Courts applying § 1144(b)(1) have agreed that a cause of action does not arise until a claim for benefits under the plan has been formally made and denied. See Stevens v. Employer-Teamsters Joint Council No. 84 Pension Fund, 979 F.2d 444, 450-51 (6th Cir. 1992) (citing Rodriguez v. MEBA Pension Trust, 872 F.2d 69, 72 (4th Cir. 1989), which cites cases from four other circuits). Thus, Mr. Karls' cause of action clearly arose in 2003, long after ERISA became effective.
That leaves Mr. Karls' second contention, that ERISA does not apply because the case rests on predicate acts taken prior to 1975. The courts have not agreed on the proper analysis of this point: some hold that the relevant act is the denial of benefits, which essentially collapses the claim-accrual and predicate-act provisos of § 1144(b)(1) into a single inquiry; others hold that if the operative act underlying the cause of action occurred before the effective date, ERISA does not apply even if the cause of action accrued later. See Stevens, 979 F.2d at 451-52 (discussing rival views). This court has not addressed the matter in a published decision. We need not resolve the larger question here because even under the latter approach, this case falls within the preemptive scope of ERISA.
The breach of contract/fraud allegations asserted by Mr. Karls relate to the administration of his benefit request in 2003: the confusion surrounding, and ultimate postponement, of the start date he requested; Texaco's refusal to explain (through its agent administering the pension plan) why his monthly benefit was to be $495.97 instead of $552.75; and Texaco's failure to commence payment of the monthly benefit by the time suit was filed. On appeal, Mr. Karls alludes to his claims at times as if they involved fraud in the inducement and, thus, related to the time of the induced action (his acceptance of employment with Texaco) rather than the time the fraudulent nature of the inducement came to light (when the promised benefit failed to materialize). But that is simply not what he pled. The complaint is devoid of any allegations that Texaco contemporaneously intended to renege on the pension promised at the time of his hire. Rather, the complaint focuses solely on objections to the administration of his pension claim after he requested the benefit in 2003. Thus, the factual and legal bases of this case clearly place it within the temporal reach of ERISA.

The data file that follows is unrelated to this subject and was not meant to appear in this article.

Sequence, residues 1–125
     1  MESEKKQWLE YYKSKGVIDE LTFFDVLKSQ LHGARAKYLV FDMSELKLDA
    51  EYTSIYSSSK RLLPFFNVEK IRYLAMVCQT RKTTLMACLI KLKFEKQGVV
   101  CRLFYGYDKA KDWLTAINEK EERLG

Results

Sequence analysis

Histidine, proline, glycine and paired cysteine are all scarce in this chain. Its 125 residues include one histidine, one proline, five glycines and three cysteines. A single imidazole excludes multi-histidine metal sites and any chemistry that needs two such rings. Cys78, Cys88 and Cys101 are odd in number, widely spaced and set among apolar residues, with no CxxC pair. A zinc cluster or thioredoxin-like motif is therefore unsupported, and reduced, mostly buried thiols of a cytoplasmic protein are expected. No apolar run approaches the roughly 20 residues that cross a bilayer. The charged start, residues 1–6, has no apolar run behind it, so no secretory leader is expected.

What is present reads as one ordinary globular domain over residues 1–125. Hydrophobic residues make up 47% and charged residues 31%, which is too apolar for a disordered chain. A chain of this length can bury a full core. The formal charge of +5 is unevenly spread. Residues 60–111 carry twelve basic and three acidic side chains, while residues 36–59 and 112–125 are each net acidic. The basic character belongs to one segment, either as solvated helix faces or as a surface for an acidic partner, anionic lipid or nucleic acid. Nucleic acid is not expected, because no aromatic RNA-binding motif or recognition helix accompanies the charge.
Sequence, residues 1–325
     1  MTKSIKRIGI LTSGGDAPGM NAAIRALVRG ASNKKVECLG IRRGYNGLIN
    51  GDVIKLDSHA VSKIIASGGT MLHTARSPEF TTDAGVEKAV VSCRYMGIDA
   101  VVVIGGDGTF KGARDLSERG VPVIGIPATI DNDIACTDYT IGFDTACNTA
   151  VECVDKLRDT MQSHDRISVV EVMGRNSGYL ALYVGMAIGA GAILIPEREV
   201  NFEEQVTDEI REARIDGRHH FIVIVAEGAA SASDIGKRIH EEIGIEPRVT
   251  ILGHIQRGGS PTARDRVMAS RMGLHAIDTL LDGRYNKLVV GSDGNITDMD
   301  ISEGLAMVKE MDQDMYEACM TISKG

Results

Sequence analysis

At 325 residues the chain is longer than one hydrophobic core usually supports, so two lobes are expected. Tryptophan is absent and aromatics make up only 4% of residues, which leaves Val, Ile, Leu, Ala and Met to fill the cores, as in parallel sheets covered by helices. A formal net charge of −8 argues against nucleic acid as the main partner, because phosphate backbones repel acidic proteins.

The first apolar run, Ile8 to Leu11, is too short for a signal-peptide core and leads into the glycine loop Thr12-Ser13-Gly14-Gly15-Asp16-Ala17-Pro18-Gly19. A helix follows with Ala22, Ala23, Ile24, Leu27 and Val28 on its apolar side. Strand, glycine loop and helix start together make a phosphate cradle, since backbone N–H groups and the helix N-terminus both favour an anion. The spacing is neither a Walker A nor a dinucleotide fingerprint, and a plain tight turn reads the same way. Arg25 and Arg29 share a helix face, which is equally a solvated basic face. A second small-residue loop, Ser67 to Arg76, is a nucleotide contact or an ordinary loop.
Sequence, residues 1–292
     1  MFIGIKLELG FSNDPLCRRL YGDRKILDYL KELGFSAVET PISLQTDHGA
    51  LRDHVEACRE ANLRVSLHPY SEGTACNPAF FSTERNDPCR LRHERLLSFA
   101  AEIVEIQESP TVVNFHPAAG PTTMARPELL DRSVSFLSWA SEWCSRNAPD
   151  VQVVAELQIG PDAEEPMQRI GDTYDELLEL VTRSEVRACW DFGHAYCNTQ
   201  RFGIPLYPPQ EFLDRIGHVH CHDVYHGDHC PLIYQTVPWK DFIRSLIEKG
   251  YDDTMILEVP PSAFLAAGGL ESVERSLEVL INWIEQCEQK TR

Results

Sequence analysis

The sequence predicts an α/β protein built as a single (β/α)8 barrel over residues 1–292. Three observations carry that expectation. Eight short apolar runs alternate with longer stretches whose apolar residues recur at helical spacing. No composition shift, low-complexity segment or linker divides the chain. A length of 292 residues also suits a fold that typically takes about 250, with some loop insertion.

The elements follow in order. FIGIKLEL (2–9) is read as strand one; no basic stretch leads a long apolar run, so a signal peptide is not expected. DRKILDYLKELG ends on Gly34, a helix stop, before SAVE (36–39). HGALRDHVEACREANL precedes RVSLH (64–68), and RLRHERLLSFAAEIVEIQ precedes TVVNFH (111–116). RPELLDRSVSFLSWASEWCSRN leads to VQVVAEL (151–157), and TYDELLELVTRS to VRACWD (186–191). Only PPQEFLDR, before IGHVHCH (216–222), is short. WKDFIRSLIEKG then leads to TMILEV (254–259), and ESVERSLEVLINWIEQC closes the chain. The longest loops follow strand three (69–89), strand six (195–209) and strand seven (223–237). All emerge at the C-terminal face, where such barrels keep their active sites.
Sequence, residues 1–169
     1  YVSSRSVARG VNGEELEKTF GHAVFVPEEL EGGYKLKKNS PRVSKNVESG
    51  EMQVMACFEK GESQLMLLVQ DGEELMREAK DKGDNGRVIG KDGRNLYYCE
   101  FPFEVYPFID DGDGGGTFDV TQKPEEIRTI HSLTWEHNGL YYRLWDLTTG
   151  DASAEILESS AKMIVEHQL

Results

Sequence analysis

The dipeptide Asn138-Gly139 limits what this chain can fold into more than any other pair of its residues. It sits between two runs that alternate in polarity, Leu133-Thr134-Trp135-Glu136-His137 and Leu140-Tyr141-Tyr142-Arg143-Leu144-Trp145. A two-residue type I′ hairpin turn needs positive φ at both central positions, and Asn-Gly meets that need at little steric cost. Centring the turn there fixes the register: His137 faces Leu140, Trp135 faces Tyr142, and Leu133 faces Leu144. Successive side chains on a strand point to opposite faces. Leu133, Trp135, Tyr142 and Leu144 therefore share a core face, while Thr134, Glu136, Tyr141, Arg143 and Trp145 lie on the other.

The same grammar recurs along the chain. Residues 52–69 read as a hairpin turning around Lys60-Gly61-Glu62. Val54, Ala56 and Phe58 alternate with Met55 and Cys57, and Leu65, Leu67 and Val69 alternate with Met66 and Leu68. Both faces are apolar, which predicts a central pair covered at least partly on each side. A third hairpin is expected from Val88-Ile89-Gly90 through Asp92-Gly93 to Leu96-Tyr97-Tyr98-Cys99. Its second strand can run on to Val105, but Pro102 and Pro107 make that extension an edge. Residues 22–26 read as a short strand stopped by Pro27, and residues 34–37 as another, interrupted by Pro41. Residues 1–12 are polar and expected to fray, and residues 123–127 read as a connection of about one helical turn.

Turning to the dismissal of the action on exhaustion grounds, Mr. Karls advances two objections to the district court's disposition. First, he argues that the ERISA exhaustion requirement is inapplicable because he did not assert any ERISA claims. This argument rests primarily on the success of his position with respect to the preemption/retroactivity issue, which we have already rejected. He also appears to contend that his claims did not implicate ERISA in the first place, because he alleged fraud and breach of contract under state law, not the violation of ERISA duties. It is well-established, however, that "common law tort and breach of contract claims are preempted by ERISA if the factual basis of the cause of action involves an employee benefit plan." Settles v. Golden Rule Ins. Co., 927 F.2d 505, 509 (10th Cir. 1991); see, e.g., Milton v. Scrivner, Inc., 53 F.3d 1118, 1121 n.3 (10th Cir. 1995) (holding claims "alleging fraud with intent to deprive plaintiff of retirement benefits . . . preempted by ERISA"); Pacificare of Okla., Inc. v. Burrage, 59 F.3d 151, 155 (10th Cir. 1995) (holding claim "alleging negligent or fraudulent administration of [benefit] plan is preempted by ERISA").